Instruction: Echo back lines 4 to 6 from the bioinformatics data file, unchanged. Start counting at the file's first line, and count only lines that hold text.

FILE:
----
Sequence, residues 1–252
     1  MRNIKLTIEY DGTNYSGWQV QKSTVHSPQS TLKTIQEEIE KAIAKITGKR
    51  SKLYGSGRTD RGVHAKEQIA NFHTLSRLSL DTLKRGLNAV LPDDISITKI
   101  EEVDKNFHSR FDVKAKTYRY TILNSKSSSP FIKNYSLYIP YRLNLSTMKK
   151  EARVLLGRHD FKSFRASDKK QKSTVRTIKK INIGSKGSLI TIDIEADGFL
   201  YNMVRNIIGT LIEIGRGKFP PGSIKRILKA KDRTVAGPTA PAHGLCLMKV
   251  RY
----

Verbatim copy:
   101  EEVDKNFHSR FDVKAKTYRY TILNSKSSSP FIKNYSLYIP YRLNLSTMKK
   151  EARVLLGRHD FKSFRASDKK QKSTVRTIKK INIGSKGSLI TIDIEADGFL
   201  YNMVRNIIGT LIEIGRGKFP PGSIKRILKA KDRTVAGPTA PAHGLCLMKV